If you want to hear about Wachovia's third quarter earnings on Oct. 22, you'll have to listen to a recording made by CFO David Ziener and Chief Risk Officer Ken Phelan. No questions, please.
This stiff-armed approach is being adopted now that Wachovia is about to be taken over by Wells Fargo, which has declined questions during quarterly earnings reports for some time.
Companies aren't required to answer analysts' questions, but many do so because it fosters transparency that benefits shareholders, the company, potential investors and the public at large.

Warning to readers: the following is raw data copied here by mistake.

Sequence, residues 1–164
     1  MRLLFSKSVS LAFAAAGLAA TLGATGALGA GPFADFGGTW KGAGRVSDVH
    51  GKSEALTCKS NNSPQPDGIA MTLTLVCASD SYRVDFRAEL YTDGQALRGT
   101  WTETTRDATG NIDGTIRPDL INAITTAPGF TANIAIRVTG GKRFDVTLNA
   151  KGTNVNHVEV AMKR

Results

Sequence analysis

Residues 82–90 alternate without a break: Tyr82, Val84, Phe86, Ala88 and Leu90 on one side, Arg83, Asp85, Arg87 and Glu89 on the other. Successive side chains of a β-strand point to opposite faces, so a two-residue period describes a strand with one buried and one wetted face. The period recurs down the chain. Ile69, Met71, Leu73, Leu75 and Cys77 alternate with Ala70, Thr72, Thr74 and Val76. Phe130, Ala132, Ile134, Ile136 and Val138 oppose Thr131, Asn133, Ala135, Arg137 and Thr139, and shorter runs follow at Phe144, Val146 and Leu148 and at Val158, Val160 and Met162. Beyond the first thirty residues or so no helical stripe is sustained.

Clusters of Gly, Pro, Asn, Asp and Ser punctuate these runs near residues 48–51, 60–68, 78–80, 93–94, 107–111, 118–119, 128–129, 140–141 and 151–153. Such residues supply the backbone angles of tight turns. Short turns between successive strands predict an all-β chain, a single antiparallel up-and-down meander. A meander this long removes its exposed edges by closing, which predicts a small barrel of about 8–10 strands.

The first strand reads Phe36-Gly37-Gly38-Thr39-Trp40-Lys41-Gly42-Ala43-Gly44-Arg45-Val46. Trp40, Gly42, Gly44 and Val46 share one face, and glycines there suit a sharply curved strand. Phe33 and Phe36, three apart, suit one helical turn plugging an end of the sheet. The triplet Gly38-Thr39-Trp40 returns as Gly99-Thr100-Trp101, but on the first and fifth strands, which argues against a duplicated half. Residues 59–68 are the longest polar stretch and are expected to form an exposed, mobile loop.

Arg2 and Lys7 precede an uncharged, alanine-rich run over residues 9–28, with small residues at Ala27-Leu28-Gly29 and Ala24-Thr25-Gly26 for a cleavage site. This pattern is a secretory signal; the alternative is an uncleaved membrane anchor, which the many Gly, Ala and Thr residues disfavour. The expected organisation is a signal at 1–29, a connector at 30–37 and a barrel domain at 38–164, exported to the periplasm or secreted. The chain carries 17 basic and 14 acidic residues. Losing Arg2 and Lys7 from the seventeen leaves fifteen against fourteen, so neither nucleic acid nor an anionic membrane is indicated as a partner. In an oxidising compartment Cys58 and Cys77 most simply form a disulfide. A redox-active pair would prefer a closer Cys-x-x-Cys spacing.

You might think Wachovia would consider such transparency a good thing, especially since the Treasury Department will invest $25 billion of public money into Wells Fargo equity as the West Coast bank rescues Wachovia and its customers from the abyss.
Unfortunately, corporate arrogance doesn't necessarily go away when a bank nearly fails.